-AS SEEN IN BRIDAL GUIDE MAGAZINE-
An eco-first hideaway since its debut in 1964, this low-slung 80-accommodation property on the idyllic island of Virgin Gorda in the Caribbean's BVI exudes a luxe castaway feel. Situated on 500 pristine beachfront acres, the resort puts sustainability at the forefront starting with its design — buildings blend seamlessly with the landscape — and food and beverage practices — all produce is grown on-site and single-use plastics are barely seen.
The resort partners with nature conservancies including the Association of Reef Keepers (guests can tag along with sea turtle monitoring) and continues to make enormous efforts to reforest the area, which endured hurricane damage (room rates start at $1,200 a night).
The seed for "The Sprouting Project" was planted by Davin Wardynski, the food and beverage director at this beachfront and marsh-facing resort positioned on the tip of a barrier island off the coast of Florida. The program is now a property-wide initiative that focuses on being the source of the hotel's food. There’s an enormous organic garden, innovative aquaponic greenhouse, numerous beehives and resident chickens. The barrel room is a space to age ingredients such as honey and vinegar; it's also an outpost for weekly tasting events (room rates start at $489 a night).
This collection of 47 luxury villa residences spread across 450 acres, positioned on the ultra verdant "Garden Isle" in the Hawaiian archipelago centers on the enviornmental stewardship of nature for which the local culture is known. The sprawling grounds are home to myriad wildlife, including five different endangered birds, as well as the state's official avian — the Nene bird.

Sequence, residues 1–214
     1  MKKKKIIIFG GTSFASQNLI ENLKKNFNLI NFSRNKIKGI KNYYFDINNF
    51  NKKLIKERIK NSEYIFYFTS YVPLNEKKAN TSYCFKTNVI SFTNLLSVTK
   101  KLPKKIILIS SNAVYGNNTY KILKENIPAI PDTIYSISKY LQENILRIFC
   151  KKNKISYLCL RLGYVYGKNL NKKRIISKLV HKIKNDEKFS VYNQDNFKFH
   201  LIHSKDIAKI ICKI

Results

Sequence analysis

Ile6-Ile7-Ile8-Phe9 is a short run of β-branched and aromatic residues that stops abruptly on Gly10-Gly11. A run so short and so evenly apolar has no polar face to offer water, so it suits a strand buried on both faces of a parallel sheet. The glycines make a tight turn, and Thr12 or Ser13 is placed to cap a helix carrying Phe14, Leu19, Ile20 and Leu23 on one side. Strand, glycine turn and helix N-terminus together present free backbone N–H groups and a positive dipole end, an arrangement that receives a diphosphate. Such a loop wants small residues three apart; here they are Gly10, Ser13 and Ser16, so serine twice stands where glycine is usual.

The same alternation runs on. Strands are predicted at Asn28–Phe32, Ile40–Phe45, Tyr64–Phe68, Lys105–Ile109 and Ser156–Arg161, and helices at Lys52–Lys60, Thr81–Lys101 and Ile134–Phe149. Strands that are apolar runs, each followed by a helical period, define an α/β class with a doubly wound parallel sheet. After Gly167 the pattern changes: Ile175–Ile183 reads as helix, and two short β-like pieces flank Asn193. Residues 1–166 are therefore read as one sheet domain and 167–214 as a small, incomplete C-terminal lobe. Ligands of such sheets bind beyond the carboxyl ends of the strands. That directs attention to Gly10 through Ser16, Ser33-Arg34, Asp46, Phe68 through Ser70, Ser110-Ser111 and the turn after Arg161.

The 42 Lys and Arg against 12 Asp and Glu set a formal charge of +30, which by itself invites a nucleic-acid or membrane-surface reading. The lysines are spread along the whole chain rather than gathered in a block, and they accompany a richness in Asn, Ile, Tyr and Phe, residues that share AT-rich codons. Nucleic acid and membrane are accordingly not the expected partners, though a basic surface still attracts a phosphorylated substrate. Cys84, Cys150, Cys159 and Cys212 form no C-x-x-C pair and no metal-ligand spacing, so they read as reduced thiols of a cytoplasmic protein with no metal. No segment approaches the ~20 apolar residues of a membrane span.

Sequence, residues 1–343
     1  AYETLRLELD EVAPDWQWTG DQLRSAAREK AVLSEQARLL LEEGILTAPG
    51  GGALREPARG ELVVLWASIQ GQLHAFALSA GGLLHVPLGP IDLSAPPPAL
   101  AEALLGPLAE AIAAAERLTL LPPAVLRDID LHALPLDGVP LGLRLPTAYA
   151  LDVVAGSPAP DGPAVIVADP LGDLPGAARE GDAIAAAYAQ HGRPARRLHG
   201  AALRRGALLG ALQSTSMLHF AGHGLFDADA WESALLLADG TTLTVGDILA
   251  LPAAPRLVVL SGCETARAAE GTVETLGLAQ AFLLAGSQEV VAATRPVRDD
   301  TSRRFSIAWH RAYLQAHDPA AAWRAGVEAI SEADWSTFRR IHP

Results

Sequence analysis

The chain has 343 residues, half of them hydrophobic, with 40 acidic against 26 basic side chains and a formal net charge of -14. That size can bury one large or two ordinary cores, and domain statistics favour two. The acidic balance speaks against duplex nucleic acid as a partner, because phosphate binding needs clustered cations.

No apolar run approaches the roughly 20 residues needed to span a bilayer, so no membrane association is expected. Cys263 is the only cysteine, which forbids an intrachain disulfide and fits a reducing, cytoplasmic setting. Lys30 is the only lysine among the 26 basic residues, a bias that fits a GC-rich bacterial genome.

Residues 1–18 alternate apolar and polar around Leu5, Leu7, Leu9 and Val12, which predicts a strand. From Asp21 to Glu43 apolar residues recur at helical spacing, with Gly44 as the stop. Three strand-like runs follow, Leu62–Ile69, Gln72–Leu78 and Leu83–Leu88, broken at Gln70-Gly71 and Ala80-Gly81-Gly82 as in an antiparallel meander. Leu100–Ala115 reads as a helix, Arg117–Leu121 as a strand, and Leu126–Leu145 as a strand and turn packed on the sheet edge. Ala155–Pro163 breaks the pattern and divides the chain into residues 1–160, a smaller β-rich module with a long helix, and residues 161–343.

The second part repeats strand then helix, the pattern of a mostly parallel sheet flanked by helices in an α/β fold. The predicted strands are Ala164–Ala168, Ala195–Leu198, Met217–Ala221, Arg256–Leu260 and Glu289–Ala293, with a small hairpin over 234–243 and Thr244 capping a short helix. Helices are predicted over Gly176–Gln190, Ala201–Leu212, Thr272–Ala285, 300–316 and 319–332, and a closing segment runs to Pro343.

The Farm at Hokuala, which provides a bulk of the community's food, practices regenerative farming techniques. Guests are welcome to join the local Surfrider efforts in keeping the beaches clean — there are programmed outings as well as independent cleanup kits (villa rentals start at $2,000 a night).
The Balearic Island of Ibiza is as globally known for its party scene as it is its sustainability ethos. And this homage to all things self-care and healing embodies the latter beginning with its architecture, which is a terraced building built into the craggy side of a mountain overlooking the glittering Mediterranean Sea; some of the rooftops are green and abundant with plantings, the centerpiece of the property is a centuries old olive tree, which marks the entrance to the epic spa.
Treatments here showcase ingredients from the property’s farm, as do the restaurant menus. Solar powers much of the resort’s needs as does a geothermal water system which saves more than six million gallons annually (room rates start at $769 a night).
The Adriatic island of Hvar is something straight out of a fairytale with its medieval walls, protected stone buildings and glittering sands. Much of the island is a UNESCO World Heritage site. And UNESCO, the global cultural and educational agency, inducted this new 33-room seaview hotel into its newest tourism program — the Sustainable Travel Pledge, which focuses on responsible practices, community resilience and heritage conservation.
This proud outpost is the first sustainable hotel on the Adriatic island. The property utilizes solar power exclusively, and a minimum of single-use plastic. And all food is locally sourced (room rates start at $305 a night and include breakfast).
This is paradise found — a collection of 14 bures (Fijian villas) on a self-sustained South Pacific island fringed with 12 beaches. This idyllic destination takes an earth-first approach to every aspect of the island from land and sea conservation to community investment — scholarship programs, employment opportunities, annual dental/eye clinics, trade workshops and more.
Solar power feeds the island and much of the furnishings are crafted from felled trees. Each guest plants a tree upon departure to assist in the island's reforestation, and there’s a turtle conservation program (room rates start at $2,850 a night and are all inclusive. There's a five-night minimum)
Fun Facts: Until recently, the most common sustainable hotels were eco lodges. Found deep in tropical jungles, they feature traditional local materials and building methods
The Global Sustainable Tourism Council Criteria was introduced in 2018 and with it launched a world-wide standard and accreditation for sustainablity claims in the travel space.